So if I put a poem on a copier, each time I hit "copy" I'm creating a new poem?

My point is that, perhaps, just "making" something isn't necessarily "creating" anything.
Reply With Quote top
  #17  
Old 05-30-2007, 05:02 PM
Racc Iria's Avatar
Racc Iria Racc Iria is offline
Senior Member
 
Join Date: Apr 2005
Location: Rockville, MD USA
Posts: 252
Re: How Synthetic is Too Synthetic?

I guess it depends on how granular you want to get and how you define "create."

Each time you hit the copy button, the copy machine has a little less toner, incurs more wear and tear, etc. which may very very subtlely change the phyical properties of the medium the poem is on, which in some small way may affect the experience of the person reading the poem.

Does that alter the meaning of the poem? Technically, possibly if the words become hard to read or something, but probably not. But the question is if we make 100 copies of the poem do we have 100 unique poems? And, in a way, I think so.

First, we have the subtle differences in the physical medium. I think we can agree to that. Differences in each piece of paper, toner level in the machine, moisture, etc.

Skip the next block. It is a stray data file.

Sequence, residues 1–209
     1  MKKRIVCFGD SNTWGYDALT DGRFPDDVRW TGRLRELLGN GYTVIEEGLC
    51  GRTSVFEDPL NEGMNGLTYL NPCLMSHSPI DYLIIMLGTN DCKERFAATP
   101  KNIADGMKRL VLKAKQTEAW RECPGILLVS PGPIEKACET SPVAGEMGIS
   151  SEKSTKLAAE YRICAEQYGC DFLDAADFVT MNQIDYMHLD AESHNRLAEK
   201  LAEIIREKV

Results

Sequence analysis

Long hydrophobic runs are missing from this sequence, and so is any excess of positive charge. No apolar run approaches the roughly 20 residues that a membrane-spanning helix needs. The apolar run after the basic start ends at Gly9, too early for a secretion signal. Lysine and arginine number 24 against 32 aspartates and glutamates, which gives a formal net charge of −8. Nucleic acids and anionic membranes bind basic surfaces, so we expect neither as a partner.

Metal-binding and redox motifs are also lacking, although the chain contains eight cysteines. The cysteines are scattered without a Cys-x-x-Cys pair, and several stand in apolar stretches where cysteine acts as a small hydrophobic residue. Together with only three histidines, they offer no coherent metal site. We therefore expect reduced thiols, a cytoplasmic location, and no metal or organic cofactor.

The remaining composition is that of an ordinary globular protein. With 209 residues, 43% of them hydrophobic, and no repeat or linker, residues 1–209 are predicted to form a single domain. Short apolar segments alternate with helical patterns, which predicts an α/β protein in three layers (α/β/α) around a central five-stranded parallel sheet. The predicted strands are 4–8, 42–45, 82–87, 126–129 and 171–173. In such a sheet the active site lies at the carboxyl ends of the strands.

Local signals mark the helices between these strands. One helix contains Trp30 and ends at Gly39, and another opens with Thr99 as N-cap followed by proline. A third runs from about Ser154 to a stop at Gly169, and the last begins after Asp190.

Second, we have the idea that is the poem itself. Namly the meaning and interpretation of the words themselves, despite their physical appearance.

Now, here are the two simplest scenarios as I see it. With 100 copies of the poem, either 100 different people will read and interpret it, or on the other extreme, one person will read and examine all 100 copies.

If 100 different people read it, the ideas are filtered throught their own experiences and ideas and will mean something different to each of them, so you'd have 100 different poems as the idea that makes up the original poem is reinvented and filtered for each person.

Now let's say one person reads all 100 copies. The first time you read it, the poem will have certain meaning and call up certain imagery custom to that person. When the person reads the second copy of that poem, they are no longer the same person, because time has passed and they've had new experiences (reading and experiencing the first reading of the poem). So, this time around, the poem means something different to the reader. By the time they read the 100th copy of the poem, they may have turned out to hate the thing, which they loved when they started. Or, they may come to love it even more, or somewhere in between. Either way, each copy of the peom and its idea will have a subtlely different effect on the person. And it could therefore be argued that you'd still have 100 different poems since each copy caused a gradation of change and experience within the reader.